September 19, 2017

Chester Town Meeting Approves Funding For Library Design, Main St. Reconstruction

CHESTER — Voters at a town meeting Thursday approved funding for two major town projects, including $100,000 for architectural schematic design plans for a new library at North Quarter Park, and $100,000 as the final town funding component for reconstruction of a section of Main Street east of the downtown village.

About 60 residents braved lingering snow and slick roads tor turn out for the votes at the Chester Meetings House, approving both appropriations on voice votes after about an hour of discussion. The additional funding for the Main Street Project was approved on a unanimous vote, while the appropriation for library design fees was approved on a voice vote with a handful of opposing votes.

The town will use $100,000 from the undesignated fund balance to pay for architectural schematic design fees for a new library at North Quarter Park, a 22-acre town-owned parcel on the east end of Main Street. Library supporters and the board of selectmen decided last year to pursue construction of a new library at the park, rather than pursued a potentially costly and complicated renovation and expansion of the 109-year-old existing library building on West Main Street, though some residents continued to question the plan for a new library at the park during meetings last fall.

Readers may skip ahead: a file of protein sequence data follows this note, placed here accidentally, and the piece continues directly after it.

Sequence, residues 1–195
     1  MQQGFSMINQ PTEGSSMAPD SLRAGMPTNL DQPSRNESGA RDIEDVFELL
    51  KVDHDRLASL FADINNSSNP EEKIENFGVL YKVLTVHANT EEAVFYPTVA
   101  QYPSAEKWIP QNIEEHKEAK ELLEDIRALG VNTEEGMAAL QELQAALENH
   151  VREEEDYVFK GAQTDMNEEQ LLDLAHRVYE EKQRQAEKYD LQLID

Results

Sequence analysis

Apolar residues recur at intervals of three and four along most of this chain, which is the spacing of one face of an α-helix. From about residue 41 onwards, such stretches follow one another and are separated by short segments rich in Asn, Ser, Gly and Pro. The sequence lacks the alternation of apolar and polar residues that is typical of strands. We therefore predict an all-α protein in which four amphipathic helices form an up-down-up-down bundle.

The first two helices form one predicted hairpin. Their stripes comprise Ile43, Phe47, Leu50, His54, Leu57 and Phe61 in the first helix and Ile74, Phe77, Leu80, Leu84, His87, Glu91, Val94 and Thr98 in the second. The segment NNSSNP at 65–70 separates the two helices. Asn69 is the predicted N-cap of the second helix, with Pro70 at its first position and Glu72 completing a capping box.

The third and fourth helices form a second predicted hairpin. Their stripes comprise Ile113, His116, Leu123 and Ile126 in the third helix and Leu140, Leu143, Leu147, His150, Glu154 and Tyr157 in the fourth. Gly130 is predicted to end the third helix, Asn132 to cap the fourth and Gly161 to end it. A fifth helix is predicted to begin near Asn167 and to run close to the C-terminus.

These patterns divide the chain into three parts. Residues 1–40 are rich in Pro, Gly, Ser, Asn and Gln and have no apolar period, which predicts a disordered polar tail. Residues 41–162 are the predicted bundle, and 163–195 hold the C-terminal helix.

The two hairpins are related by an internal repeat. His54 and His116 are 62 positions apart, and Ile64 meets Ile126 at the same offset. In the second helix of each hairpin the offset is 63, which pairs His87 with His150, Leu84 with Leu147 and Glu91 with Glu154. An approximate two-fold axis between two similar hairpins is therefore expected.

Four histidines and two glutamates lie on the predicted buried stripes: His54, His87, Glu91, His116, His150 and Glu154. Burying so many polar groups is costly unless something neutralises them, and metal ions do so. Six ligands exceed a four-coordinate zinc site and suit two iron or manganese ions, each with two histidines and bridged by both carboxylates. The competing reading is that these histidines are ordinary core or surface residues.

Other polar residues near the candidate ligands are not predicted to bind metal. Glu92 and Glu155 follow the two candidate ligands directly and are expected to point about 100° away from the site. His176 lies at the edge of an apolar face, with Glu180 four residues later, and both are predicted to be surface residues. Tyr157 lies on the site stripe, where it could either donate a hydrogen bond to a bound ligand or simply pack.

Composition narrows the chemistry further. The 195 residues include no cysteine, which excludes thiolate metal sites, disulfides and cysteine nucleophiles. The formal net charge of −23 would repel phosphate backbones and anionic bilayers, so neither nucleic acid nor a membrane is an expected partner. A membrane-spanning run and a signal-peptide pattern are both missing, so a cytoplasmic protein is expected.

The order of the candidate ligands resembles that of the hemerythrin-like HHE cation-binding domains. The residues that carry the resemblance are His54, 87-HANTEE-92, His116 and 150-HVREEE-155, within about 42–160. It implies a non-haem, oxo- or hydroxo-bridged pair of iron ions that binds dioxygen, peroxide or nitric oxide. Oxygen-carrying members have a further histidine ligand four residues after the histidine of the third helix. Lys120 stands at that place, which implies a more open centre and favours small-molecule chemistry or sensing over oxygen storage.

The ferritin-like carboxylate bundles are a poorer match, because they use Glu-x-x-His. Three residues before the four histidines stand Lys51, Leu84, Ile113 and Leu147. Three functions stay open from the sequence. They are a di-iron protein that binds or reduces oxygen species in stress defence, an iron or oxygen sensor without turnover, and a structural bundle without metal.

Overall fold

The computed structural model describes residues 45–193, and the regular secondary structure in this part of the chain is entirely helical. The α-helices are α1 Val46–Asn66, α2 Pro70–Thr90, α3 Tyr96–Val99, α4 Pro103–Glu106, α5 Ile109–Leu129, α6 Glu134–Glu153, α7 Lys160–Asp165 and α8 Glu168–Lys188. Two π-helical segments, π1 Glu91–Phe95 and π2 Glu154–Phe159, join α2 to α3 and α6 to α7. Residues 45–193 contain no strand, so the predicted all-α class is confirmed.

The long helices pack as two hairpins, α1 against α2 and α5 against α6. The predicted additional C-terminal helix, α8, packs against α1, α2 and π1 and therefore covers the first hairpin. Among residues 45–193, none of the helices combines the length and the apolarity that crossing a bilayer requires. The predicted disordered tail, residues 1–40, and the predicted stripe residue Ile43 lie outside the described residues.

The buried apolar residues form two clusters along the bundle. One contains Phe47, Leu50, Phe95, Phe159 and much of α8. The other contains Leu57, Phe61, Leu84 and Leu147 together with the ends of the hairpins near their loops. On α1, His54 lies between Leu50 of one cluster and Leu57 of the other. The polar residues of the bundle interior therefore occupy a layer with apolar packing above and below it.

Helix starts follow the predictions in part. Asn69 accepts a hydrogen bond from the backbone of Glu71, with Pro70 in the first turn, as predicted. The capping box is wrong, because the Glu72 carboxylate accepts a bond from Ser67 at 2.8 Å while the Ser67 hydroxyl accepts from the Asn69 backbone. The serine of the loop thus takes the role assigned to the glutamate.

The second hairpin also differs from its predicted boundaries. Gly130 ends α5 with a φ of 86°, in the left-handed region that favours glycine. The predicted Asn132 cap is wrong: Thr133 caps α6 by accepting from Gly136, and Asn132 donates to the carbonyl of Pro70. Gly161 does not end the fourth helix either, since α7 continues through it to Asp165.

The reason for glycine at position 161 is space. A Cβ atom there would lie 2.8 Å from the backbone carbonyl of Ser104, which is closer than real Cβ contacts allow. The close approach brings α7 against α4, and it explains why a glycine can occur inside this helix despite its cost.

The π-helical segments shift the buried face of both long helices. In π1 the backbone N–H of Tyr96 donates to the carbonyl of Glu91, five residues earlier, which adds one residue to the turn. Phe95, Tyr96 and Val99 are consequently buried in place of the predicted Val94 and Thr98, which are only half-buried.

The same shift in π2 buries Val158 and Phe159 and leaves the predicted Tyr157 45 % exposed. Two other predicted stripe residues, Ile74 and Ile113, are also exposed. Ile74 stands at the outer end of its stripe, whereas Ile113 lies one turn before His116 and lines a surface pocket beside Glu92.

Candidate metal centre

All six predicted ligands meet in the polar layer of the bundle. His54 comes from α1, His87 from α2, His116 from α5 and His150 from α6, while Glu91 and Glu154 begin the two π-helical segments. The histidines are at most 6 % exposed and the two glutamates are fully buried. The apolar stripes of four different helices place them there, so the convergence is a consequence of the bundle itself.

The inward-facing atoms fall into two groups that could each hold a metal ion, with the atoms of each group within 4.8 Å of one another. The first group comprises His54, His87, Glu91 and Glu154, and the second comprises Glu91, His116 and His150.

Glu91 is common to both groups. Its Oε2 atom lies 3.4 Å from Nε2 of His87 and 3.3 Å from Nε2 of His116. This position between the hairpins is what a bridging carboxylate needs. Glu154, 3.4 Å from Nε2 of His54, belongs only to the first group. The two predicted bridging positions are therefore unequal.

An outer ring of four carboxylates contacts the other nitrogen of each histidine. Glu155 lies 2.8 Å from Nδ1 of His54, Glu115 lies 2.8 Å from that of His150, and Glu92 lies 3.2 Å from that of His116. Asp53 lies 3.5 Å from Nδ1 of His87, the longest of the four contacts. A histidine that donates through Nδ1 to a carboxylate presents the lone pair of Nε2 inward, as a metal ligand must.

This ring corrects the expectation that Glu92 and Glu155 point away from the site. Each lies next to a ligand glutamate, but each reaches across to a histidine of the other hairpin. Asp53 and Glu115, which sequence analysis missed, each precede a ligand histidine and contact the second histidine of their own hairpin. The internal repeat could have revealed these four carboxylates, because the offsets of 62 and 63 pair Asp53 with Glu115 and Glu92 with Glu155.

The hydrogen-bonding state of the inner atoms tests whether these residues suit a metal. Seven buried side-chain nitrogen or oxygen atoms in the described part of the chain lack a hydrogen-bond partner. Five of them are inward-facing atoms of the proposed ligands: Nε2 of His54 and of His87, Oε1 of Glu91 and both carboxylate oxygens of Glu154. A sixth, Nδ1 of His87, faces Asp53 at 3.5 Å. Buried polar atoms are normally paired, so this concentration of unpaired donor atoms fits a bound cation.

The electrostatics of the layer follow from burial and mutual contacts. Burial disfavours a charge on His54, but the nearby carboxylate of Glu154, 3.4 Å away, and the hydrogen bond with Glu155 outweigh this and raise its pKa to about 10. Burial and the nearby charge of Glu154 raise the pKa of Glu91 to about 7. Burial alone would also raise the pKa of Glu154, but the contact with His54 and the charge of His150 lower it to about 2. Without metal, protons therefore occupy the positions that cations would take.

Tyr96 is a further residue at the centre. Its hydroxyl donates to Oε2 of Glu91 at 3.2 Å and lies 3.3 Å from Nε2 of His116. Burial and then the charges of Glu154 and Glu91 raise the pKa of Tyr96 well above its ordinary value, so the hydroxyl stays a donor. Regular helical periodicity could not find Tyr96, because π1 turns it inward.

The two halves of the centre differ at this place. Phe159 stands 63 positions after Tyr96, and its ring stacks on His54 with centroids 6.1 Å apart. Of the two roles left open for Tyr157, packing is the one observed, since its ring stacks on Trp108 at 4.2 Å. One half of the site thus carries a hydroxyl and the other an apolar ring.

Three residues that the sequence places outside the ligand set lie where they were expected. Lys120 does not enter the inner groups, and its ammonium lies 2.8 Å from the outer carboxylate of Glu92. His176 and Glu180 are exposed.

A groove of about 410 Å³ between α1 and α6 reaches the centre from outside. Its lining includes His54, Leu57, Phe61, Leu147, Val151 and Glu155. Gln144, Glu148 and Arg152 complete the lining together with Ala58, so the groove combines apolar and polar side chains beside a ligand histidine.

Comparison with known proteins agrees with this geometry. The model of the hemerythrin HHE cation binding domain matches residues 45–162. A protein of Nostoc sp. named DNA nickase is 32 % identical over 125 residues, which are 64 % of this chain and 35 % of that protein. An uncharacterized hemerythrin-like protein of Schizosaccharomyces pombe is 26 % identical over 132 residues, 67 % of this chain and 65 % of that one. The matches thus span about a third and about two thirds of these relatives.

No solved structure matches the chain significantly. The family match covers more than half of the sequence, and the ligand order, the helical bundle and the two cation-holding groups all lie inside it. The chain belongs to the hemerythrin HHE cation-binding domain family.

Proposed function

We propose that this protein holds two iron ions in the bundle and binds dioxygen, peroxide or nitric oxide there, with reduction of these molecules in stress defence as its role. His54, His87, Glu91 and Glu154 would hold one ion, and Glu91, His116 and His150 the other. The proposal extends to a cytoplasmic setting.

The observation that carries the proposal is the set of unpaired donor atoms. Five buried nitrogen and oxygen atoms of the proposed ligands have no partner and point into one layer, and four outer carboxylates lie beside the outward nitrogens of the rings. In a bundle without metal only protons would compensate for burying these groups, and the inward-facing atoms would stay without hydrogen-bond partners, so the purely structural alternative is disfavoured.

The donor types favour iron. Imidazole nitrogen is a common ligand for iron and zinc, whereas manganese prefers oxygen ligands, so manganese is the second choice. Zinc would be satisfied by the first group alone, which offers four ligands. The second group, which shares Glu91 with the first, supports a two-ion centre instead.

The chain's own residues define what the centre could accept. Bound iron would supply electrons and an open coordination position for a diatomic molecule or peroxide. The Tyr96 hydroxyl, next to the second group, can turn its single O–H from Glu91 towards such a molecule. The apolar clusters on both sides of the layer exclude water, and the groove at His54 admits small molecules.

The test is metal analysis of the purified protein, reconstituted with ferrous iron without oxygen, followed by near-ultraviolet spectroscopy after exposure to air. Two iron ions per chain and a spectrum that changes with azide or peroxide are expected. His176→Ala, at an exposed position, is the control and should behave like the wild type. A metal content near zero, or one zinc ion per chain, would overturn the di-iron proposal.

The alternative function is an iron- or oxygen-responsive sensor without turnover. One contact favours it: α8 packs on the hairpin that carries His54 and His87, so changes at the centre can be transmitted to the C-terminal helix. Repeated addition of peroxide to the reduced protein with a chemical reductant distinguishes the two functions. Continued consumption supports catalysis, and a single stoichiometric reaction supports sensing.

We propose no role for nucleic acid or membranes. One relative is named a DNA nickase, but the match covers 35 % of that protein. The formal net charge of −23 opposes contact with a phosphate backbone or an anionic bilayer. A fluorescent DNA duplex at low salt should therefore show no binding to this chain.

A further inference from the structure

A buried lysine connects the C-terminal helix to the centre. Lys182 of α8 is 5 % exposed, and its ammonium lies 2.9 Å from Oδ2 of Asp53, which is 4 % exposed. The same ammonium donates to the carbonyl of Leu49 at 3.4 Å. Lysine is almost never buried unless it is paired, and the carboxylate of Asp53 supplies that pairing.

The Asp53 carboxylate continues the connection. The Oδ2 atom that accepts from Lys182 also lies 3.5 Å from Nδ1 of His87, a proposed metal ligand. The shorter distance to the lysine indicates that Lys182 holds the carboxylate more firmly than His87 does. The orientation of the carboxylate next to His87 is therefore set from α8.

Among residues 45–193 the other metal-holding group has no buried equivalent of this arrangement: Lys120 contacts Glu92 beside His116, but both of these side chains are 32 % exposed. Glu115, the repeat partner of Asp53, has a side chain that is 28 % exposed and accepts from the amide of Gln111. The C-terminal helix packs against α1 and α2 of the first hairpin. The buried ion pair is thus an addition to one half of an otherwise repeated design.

In November, the town was awarded a $1 million state grant toward the estimated $4 million cost of a new library, funds that must be used for a building project within the next three years. A library building committee, with support from the board of selectmen, last summer hired the Pawtucket, R.I. firm of Lads & Bartells to prepare very preliminary plans for a new library at the park as part of the grant application, though there has been no decision on hiring a firm for the actual building project.

The $100,000 for the Main Street East Project is the final town funding component for an estimated $800,000 project that is mostly paid for by state grant funds. The project, which has been under discussion for years, was scaled back last November to focus on reconstruction of a 1,000-foot section of Main Street from the intersection with School Lane west to the entrance to the Laurel Hill Cemetery.

A more costly plan for reconstruction of a larger section of Main Street east to the intersection with Middlesex Avenue (Rte. 154) that included a continuous sidewalk on the north side of the street had drawn opposition from some residents. The project is expected to be put out to bid soon for a start of construction this spring.

Share